>>>"all the non-priveleged frames of reference DO HAVE SOMETHING IN COMMON, SOMETHING PRIVILEGED: 'REFERENCE' itself"
How many ways can we rephrase Einstein's relativity and give others credit for it? " 'Reference' itself"? Surely you're joking! Do you not realize that the statement 'there is no priveleged frame of reference' REQUIRES that all frames be self-referential??? This all seems very dumb to me, and I'm no genius.
I mean, who doesn't realize that what we label as 'stuff' and 'movement' would be 'stuff' and 'movement' without any of our labels? Who doesn't contemplate QM and not realize that the dualistic model of nature clashes with our psychological and holistic biases?
It seems like you and a few others are marveling at Stafford's public resolution of his mental struggles: he's grappling with the philosophical implications of QM. Trouble is, he's about 70 years behind the rest of science and philosophy. Besides, many of us appreciated this philosophical problem long before we'd had the misfortune of meeting Stafford. Moreover, a lot of us understood the philosophical paradigm shift re time brought about by relativity.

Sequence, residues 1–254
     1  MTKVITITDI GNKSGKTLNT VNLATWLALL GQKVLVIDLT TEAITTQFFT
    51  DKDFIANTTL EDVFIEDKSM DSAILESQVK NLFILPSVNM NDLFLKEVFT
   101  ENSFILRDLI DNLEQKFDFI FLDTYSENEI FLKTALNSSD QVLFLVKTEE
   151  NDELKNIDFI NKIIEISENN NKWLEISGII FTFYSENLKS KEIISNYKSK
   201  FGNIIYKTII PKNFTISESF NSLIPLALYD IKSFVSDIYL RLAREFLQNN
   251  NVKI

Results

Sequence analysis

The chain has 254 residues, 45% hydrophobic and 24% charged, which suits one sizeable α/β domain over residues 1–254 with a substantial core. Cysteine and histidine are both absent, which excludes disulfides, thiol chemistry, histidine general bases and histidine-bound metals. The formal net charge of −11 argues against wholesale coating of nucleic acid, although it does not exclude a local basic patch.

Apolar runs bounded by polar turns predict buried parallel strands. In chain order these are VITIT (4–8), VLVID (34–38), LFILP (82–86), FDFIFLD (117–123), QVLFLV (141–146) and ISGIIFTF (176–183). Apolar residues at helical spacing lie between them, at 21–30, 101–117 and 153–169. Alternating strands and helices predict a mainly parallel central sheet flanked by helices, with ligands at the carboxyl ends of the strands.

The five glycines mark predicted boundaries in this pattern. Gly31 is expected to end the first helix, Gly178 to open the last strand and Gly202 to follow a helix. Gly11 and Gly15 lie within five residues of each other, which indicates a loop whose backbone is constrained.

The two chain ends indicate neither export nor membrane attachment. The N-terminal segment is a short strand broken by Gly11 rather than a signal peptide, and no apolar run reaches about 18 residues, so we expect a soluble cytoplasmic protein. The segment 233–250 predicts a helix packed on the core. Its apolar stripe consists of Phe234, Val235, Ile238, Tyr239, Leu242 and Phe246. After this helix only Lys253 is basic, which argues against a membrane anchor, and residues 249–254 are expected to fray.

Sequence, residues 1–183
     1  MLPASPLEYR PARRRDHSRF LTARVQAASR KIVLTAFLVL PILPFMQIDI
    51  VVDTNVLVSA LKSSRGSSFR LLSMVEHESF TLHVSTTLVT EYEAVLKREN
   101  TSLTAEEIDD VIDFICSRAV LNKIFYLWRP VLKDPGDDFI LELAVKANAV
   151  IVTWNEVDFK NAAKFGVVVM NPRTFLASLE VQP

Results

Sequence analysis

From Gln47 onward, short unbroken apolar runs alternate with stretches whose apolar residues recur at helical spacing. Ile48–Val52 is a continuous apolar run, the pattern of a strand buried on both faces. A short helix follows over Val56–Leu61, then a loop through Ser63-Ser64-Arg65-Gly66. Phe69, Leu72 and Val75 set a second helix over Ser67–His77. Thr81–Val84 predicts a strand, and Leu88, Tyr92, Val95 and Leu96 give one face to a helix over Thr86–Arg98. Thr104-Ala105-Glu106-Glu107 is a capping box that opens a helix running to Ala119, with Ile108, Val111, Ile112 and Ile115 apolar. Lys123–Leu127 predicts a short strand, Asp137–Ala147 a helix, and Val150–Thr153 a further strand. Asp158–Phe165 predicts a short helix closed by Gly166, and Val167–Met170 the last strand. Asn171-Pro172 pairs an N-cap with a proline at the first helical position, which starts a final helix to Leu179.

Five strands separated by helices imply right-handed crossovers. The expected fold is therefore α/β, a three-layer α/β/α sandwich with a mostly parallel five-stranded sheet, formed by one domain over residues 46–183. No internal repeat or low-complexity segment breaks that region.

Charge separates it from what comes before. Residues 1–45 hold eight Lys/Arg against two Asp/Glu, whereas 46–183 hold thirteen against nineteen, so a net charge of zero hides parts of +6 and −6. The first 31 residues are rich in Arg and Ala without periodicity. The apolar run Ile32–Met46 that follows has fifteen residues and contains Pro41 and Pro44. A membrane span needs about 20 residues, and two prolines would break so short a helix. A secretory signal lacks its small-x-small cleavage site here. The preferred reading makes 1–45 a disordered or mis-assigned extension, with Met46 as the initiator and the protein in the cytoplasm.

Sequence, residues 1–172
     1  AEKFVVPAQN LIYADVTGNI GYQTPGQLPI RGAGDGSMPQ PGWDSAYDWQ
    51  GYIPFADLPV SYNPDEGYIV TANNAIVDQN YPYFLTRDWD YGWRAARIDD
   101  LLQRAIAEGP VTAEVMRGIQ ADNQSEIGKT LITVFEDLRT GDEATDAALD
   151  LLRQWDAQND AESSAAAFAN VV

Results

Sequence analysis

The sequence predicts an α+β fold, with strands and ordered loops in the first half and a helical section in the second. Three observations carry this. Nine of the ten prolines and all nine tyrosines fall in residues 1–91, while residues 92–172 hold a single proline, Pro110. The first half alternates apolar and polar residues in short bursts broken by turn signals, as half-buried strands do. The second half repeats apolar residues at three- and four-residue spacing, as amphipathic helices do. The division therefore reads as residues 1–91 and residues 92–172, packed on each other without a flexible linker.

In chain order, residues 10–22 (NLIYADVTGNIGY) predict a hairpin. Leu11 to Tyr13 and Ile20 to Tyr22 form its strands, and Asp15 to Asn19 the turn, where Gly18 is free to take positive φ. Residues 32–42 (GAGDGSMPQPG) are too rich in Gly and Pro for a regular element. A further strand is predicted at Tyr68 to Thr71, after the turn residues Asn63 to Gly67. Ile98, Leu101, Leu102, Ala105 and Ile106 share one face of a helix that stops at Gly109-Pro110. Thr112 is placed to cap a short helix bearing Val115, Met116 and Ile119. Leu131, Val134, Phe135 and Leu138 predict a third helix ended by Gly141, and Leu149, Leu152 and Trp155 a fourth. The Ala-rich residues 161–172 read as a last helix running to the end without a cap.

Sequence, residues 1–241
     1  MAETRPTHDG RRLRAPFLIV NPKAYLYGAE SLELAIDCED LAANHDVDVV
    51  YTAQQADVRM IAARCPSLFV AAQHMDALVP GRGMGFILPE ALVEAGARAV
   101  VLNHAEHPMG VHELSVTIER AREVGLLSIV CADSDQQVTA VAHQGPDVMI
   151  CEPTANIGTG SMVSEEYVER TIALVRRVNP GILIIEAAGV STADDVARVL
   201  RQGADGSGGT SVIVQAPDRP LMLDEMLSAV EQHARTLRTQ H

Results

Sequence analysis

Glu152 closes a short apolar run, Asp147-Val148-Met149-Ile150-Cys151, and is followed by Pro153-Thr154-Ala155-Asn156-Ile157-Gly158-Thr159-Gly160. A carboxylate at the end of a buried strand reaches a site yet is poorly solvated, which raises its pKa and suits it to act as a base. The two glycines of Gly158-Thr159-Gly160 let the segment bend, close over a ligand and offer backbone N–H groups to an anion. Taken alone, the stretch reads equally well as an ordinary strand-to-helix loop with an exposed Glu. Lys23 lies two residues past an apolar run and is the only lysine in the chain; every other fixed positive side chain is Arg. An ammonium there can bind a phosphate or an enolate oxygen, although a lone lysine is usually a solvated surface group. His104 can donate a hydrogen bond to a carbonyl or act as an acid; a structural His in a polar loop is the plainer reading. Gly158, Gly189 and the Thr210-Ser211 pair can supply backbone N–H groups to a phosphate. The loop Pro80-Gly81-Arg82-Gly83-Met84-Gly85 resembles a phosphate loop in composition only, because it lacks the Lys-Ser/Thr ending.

>>>"Dr. Dick may have found the UNIVERSALITY OF SELF-REFERENCE instead"
Stafford indeed has you fooled. You and Stafford might call it "the universality of self-reference" -- the rest of us call it relativity.
What you're marveling at (I think) is Stafford's approach to meshing quantum mechanics with relativity, amidst an inability to see around the ontological sense of time. As I said a few days ago, he's about a century behind the power curve on this one, and stubbornly headed in the wrong direction. It's like he's drawn a blueprint for a steam boat that runs on luminiferous aether, and you can't stop gawking at it.
>>>"considering how a word sees itself and other words in a circular dictionary . . . as 'measurement' requires 'comparison' . . . Self-referencing . . ."
Come on Alan, this is high school philosophy fodder. It's very strange to see you and others judging this line of thinking as something clever and new. It's surreal.